In literature, the term “young adult” (or “YA”) has become a catch-all for even the most mature stories featuring young leads. As a series, the TV-MA-rated Shadow and Bone, with its intricate plot and unflinching magical violence, has plenty of adult audience appeal. The closest it gets to teen drama is when exploring the flashback-heavy, wistful relationship between Alina and Mal, but even that is grounded in shared trauma.

If anything, the biggest limitation of Shadow and Bone is the streaming site it calls home. Over the past few years, Netflix has become known for churning out new original series every week, many of them mediocre, teen-centric dramas that may as well have been made by an algorithm. Netflix’s binge model also works against shows with watercooler potential, as an all-at-once episode drop doesn’t usually maintain as much cultural longevity as the week-to-week build of a show like Game of Thrones or WandaVision. With Stranger ThingsShawn Levy among its producers, though, Shadow and Bone has both a grand vision and, seemingly, the blockbuster budget needed to pull it off. Despite all that, its streamer home means it still runs the risk of getting lost in the crowd.

Shadow and Bone includes everything that those lesser teen-targeting Netflix originals do — including diverse casting, casually queer characters, a strong female lead, and plenty of unexpected twists — but it manages to make each of these factors feel authentic rather than like obligatory box-checking. Filmed in Hungary with a cast that’s stacked with up-and-comers and British stage actors alike, Shadow and Bone is also the rare Netflix Original that doesn’t come across as disposable. That’s a good thing because Bardugo has written nine different Grishaverse-related books, and the first season of Shadow and Bone only begins to tap into the possibilities of the magical universe.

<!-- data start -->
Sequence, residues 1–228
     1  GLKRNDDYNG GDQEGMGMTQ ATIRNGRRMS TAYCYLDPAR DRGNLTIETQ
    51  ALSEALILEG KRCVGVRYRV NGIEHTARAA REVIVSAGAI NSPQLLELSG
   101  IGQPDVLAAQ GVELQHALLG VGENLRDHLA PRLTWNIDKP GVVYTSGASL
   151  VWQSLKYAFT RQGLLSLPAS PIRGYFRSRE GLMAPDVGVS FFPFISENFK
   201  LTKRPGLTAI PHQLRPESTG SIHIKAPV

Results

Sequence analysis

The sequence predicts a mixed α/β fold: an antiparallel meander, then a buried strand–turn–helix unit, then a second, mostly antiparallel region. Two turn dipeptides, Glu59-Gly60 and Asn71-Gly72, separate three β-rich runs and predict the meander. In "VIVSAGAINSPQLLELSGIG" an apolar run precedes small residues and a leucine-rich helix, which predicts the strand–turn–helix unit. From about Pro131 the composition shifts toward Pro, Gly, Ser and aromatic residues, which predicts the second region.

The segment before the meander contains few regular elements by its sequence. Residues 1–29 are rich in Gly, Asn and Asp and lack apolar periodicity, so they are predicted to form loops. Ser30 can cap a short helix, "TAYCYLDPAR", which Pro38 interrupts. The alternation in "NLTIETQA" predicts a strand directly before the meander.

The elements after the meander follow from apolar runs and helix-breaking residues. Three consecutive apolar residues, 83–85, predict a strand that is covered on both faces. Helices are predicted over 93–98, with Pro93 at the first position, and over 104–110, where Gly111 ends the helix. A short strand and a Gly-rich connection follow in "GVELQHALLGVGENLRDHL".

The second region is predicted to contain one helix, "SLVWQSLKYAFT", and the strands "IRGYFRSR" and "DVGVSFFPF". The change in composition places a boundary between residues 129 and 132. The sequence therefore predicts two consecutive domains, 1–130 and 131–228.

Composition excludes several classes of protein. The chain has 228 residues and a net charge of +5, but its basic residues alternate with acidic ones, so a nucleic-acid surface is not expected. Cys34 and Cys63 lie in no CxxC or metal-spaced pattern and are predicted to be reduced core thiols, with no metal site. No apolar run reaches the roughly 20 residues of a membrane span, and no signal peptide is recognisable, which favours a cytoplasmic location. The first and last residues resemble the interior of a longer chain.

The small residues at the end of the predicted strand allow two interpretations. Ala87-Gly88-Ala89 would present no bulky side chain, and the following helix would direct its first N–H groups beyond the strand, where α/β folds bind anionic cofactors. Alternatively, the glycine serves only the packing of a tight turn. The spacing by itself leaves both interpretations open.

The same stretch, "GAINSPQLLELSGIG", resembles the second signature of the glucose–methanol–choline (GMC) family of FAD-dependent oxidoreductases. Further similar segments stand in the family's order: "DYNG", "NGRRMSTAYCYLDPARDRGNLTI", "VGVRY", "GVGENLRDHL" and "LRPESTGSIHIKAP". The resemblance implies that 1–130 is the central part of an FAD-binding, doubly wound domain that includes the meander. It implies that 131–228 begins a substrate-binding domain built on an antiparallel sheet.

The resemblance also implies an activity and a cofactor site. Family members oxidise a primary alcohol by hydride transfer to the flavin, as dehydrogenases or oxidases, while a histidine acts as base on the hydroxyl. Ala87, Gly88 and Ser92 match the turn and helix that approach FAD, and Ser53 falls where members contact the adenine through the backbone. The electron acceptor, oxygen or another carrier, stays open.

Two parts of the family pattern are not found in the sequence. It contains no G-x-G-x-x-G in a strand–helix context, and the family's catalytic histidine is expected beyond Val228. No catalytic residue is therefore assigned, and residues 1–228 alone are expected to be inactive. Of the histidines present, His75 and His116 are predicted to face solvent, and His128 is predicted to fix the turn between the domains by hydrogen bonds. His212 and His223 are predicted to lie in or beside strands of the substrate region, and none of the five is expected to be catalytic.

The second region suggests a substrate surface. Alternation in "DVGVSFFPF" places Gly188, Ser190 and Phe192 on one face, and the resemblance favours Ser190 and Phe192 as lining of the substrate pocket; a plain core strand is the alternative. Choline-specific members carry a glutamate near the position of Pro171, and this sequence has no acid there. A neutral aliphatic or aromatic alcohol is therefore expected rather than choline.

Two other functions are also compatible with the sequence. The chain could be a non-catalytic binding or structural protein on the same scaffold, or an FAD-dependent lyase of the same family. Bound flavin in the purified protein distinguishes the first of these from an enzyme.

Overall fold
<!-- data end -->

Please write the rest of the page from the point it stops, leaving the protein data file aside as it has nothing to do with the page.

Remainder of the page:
In the end, viewers’ response to Shadow and Bone will likely come down to the fantasy-shaped hole Game of Thrones left in our hearts. This series will never be that one, but God, it feels great to watch a solid, interesting fantasy series with all the makings of an epic hit again. The series’ lore speaks of a legendary sun-summoner, one whose power can unite the war-torn lands. It’s fitting that the hero is meant to bring light because Shadow and Bone might just be the light at the end of the tunnel for pandemic-weary, fantasy-hungry TV fans everywhere.

Shadow and Bone is now streaming exclusively on Netflix.

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Valerie Ettenhofer is a Los Angeles-based freelance writer, TV-lover, and mac and cheese enthusiast. As a Senior Contributor at Film School Rejects, she covers television through regular reviews and her recurring column, Episodes. She is also a voting member of the Critics Choice Association's television and documentary branches. Twitter: @aandeandval (She/her)